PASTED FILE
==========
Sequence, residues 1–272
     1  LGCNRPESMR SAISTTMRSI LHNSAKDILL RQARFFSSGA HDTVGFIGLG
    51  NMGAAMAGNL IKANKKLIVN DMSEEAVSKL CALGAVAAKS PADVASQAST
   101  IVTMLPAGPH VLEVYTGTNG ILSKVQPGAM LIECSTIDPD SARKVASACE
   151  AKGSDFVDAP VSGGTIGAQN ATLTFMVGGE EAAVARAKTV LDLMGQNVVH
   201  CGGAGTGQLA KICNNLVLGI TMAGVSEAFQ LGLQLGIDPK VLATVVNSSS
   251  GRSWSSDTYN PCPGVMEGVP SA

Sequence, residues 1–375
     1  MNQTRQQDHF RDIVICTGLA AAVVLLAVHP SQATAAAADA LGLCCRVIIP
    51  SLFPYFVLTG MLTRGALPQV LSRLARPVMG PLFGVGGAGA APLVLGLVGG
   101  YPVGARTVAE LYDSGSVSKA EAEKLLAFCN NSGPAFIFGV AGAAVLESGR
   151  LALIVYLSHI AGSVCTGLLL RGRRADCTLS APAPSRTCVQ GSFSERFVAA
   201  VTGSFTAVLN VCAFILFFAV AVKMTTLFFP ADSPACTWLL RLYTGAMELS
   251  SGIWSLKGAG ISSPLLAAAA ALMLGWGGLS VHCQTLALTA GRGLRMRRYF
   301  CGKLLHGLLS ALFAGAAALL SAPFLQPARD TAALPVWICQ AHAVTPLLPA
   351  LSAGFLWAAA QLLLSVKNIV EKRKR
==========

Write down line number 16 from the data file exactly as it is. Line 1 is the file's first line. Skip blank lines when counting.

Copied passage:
   351  LSAGFLWAAA QLLLSVKNIV EKRKR